Computational Models for Trapping Ebola Virus Using Engineered Bacteria

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Martins, DP 
Barros, M 
Pierobon, M 
Kandhavelu, M 

IEEE The outbreak of Ebola virus in recent years has resulted in numerous research initiatives to seek new solutions to contain the virus. A number of approaches that have been investigated include new vaccines to boost the immune system. An alternative post-exposure treatment is presented in this paper. The proposed approach for clearing Ebola virus can be developed through a microfluidic attenuator, which contains the engineered bacteria that traps Ebola flowing through the blood onto its membrane. The paper presents the analysis of the chemical binding force between the virus and a genetically engineered bacterium considering the opposing forces acting on the attachment point, including hydrodynamic tension and drag force. To test the efficacy of the technique, simulations of bacterial motility within a confined area to trap the virus were performed. More than 60% of the displaced virus could be collected within 15 minutes. While the proposed approach currently focuses on in vitro environments for trapping the virus, the system can be further developed into the future for treatment whereby blood can be cycled out of the body into a microfluidic device that contains the engineered bacteria to trap viruses.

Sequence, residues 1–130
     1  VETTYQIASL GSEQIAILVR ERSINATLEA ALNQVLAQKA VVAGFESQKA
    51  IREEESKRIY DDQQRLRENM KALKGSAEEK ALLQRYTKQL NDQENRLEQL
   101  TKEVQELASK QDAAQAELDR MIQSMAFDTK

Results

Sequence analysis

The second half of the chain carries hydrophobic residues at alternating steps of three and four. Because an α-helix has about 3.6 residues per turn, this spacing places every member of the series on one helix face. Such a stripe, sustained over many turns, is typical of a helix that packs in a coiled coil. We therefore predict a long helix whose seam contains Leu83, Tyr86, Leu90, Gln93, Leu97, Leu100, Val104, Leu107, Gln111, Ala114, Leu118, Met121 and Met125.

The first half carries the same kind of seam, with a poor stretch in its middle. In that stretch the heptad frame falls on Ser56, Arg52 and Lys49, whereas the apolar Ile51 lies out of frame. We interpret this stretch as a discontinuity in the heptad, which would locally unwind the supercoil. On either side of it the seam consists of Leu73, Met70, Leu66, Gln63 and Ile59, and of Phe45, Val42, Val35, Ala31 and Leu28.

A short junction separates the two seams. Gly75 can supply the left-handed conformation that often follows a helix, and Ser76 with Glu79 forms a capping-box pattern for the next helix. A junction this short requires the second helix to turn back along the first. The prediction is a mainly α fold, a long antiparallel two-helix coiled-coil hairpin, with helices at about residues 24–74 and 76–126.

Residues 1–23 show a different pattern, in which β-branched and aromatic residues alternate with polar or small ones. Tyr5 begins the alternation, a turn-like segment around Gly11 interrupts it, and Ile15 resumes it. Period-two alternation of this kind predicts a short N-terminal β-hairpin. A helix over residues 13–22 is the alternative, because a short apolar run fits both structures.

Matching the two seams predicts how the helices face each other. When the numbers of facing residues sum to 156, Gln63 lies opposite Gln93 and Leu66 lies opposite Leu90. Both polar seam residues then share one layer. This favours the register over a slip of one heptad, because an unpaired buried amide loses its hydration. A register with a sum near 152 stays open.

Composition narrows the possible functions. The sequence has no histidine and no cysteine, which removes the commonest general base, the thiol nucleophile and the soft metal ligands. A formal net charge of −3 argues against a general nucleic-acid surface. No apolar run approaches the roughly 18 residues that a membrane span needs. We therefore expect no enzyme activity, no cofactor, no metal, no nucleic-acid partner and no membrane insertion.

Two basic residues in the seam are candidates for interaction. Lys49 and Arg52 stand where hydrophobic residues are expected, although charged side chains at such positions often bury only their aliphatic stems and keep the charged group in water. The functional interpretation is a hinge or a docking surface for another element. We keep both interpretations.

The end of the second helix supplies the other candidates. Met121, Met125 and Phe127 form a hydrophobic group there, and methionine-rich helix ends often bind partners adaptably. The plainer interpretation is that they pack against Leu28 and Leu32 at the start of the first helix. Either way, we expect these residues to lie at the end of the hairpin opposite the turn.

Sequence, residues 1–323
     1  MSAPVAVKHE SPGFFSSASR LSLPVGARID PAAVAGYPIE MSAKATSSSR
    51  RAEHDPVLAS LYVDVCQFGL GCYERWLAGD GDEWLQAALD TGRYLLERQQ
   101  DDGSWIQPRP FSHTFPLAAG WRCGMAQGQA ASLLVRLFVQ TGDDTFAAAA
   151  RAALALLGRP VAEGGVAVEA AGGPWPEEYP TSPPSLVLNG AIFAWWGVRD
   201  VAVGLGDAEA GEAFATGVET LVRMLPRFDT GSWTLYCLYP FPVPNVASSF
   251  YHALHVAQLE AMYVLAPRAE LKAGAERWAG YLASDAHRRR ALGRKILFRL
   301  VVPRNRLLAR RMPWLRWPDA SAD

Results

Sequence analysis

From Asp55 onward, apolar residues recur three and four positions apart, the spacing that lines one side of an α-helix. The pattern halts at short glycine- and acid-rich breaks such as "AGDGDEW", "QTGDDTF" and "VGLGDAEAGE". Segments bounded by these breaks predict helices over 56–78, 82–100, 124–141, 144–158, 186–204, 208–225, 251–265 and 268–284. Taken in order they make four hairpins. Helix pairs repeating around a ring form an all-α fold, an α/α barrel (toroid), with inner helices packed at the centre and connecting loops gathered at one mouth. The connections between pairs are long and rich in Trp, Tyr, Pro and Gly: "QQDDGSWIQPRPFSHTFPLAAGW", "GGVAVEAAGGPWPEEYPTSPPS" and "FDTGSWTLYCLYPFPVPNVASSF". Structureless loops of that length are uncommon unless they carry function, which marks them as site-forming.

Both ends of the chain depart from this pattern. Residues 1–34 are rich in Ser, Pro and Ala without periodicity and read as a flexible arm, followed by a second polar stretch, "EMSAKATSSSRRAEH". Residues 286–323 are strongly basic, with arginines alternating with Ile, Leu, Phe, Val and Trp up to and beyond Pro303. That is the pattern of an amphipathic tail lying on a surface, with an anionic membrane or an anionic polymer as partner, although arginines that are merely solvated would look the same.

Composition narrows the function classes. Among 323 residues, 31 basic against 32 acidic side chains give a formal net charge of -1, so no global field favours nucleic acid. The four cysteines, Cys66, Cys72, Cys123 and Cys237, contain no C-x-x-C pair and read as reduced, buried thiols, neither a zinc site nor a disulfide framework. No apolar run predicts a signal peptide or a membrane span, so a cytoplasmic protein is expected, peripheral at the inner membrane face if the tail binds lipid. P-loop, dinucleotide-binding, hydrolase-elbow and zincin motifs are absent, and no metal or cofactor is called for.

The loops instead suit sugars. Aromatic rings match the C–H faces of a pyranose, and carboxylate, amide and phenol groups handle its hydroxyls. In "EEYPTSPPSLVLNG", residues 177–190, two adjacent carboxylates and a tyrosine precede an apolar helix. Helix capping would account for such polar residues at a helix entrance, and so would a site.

genetically engineered bacteria, Ebola virus, virus ecological trap
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IEEE/ACM Transactions on Computational Biology and Bioinformatics
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This work was partially funded by 1) Science Foundation Ireland via the CONNECT research centre (grant no. 13/RC/2077), 2) via the FiDiPro program of Academy of Finland (Nano communication Networks), 2012- 2016, 3) Academy of Finland Research Fellow grant, and 4) the US National Science Foundation through grant MCB-1449014.